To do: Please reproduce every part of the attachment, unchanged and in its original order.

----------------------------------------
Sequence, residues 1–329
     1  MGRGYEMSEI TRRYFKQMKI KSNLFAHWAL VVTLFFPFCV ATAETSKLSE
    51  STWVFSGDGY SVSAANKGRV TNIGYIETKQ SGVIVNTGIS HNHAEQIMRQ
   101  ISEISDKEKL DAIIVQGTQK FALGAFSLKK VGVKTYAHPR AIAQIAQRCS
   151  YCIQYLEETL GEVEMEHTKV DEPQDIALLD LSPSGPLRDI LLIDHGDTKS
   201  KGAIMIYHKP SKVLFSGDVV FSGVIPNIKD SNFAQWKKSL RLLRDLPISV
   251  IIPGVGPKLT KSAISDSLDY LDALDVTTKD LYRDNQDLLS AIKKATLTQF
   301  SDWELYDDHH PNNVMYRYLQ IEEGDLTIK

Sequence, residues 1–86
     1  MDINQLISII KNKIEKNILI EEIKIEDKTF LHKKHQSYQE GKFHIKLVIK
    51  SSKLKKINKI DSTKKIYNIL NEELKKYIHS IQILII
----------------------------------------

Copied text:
Sequence, residues 1–329
     1  MGRGYEMSEI TRRYFKQMKI KSNLFAHWAL VVTLFFPFCV ATAETSKLSE
    51  STWVFSGDGY SVSAANKGRV TNIGYIETKQ SGVIVNTGIS HNHAEQIMRQ
   101  ISEISDKEKL DAIIVQGTQK FALGAFSLKK VGVKTYAHPR AIAQIAQRCS
   151  YCIQYLEETL GEVEMEHTKV DEPQDIALLD LSPSGPLRDI LLIDHGDTKS
   201  KGAIMIYHKP SKVLFSGDVV FSGVIPNIKD SNFAQWKKSL RLLRDLPISV
   251  IIPGVGPKLT KSAISDSLDY LDALDVTTKD LYRDNQDLLS AIKKATLTQF
   301  SDWELYDDHH PNNVMYRYLQ IEEGDLTIK

Sequence, residues 1–86
     1  MDINQLISII KNKIEKNILI EEIKIEDKTF LHKKHQSYQE GKFHIKLVIK
    51  SSKLKKINKI DSTKKIYNIL NEELKKYIHS IQILII